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Institutions, Economic Growth, and the "Curse" of Natural Resources

Type: Research Studies
Date Published: July 9, 2009
Research Topics:

The proposition that natural resources, like physical and human capital, would spur economic growth would not seem to be controversial. So in the 1990s, when Jeffrey Sachs and Andrew Warner (1995) showed empirical evidence of a "natural resource curse"-the negative impact of natural resources on economic growth-it is no surprise that their finding inspired a large body of new empirical research.

This research has the potential to shape the development policies of nations across the globe. A large number of developing nations, including those in sub-Saharan Africa, are rich in natural resources and, thus, this research may play a role in their future prosperity. The goal of this paper is to assess whether the literature on the "curse" of natural resources that has been published in the decade and a half since Sachs and Warner (1995) is cohesive and persuasive enough that policy makers in resource-rich nations can rely upon it when framing public policy intended to enhance economic growth and relieve poverty.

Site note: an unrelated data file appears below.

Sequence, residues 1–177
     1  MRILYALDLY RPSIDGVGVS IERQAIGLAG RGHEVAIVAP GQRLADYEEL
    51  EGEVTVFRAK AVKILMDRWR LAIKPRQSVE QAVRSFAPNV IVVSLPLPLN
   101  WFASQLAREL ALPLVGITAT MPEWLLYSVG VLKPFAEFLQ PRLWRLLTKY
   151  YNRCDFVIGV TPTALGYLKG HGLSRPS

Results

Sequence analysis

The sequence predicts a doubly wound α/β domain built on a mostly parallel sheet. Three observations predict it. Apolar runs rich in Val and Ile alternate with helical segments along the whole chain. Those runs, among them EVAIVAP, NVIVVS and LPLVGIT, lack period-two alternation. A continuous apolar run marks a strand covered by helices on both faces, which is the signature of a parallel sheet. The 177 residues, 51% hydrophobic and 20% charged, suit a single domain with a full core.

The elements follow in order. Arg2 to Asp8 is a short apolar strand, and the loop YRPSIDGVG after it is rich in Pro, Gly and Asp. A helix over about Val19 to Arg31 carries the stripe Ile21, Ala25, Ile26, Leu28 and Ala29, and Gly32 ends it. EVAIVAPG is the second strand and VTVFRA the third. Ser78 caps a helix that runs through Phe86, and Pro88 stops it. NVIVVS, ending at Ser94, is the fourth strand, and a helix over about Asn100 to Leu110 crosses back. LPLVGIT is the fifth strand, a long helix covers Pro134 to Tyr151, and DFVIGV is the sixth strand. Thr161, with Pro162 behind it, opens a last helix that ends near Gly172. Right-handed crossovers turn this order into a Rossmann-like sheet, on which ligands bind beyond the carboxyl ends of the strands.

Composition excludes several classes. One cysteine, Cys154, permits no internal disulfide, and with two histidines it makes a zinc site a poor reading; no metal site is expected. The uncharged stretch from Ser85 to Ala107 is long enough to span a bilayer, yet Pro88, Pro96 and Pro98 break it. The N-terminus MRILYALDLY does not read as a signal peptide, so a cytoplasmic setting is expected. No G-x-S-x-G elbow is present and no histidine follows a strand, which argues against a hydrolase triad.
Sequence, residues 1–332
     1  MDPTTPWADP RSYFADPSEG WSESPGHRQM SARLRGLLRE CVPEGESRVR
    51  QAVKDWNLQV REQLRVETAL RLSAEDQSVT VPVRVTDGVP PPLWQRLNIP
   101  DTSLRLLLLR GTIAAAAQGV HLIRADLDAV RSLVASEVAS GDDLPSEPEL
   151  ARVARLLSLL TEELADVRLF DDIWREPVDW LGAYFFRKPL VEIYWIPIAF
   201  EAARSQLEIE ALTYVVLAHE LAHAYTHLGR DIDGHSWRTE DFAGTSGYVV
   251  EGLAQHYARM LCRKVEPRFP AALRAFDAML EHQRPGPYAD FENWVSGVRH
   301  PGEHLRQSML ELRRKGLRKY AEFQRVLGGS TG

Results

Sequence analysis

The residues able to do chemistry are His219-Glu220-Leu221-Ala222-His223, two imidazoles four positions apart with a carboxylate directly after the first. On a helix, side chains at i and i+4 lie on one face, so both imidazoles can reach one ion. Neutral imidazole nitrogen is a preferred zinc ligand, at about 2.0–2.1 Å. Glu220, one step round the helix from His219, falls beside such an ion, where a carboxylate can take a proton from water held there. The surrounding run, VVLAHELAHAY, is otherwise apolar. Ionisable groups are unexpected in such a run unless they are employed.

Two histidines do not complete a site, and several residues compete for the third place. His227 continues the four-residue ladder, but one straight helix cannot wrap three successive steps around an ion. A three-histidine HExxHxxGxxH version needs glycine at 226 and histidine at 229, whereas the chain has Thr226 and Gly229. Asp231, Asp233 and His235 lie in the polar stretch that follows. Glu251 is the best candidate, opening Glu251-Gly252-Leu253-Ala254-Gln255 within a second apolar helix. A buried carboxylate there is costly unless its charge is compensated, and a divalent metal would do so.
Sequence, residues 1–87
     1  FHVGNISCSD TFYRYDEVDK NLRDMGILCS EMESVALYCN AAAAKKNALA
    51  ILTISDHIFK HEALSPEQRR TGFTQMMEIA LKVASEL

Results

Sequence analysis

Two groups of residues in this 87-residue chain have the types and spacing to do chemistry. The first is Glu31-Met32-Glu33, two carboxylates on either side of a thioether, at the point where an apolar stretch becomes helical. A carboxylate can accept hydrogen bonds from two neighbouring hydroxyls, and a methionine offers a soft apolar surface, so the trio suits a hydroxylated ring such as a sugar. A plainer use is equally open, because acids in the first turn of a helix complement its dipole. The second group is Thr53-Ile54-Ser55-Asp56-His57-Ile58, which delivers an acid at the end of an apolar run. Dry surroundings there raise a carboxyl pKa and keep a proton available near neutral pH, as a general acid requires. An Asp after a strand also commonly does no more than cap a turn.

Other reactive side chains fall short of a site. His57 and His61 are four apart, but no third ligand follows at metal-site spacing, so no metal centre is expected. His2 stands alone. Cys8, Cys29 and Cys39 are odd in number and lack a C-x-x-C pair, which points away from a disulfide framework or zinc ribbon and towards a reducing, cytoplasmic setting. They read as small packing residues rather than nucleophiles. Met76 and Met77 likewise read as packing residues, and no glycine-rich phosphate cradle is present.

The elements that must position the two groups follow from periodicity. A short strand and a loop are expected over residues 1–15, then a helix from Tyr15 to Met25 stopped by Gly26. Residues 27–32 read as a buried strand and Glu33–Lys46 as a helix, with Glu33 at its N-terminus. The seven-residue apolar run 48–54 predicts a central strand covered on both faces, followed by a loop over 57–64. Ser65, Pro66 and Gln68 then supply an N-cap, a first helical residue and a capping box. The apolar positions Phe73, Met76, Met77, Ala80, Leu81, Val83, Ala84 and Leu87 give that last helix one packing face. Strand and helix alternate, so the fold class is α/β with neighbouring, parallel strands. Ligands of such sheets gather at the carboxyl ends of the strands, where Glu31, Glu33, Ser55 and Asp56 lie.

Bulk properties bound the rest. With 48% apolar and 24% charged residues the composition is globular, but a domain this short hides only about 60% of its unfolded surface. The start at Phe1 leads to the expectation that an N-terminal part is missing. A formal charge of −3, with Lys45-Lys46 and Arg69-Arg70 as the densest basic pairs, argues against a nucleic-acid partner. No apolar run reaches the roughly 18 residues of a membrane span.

In a nutshell, here is the paper's main conclusion. In the first stages of research, it appeared that the literature was coming to a consensus: the natural resource curse was both statistically and economically significant. More recent research taking advantage of new data sets and more appropriate econometric analysis suggests that such a consensus may have been too hasty. In hindsight, it is safe to assert that, while many countries have floundered because they were rich in natural resources, such countries are by no means doomed to failure and poor economic performance; at least so the empirical and evidence from case studies would suggest. Nations with other characteristics-stronger institutions and openness to trade, for example-are likely to grow and prosper, even if they possess natural resources.

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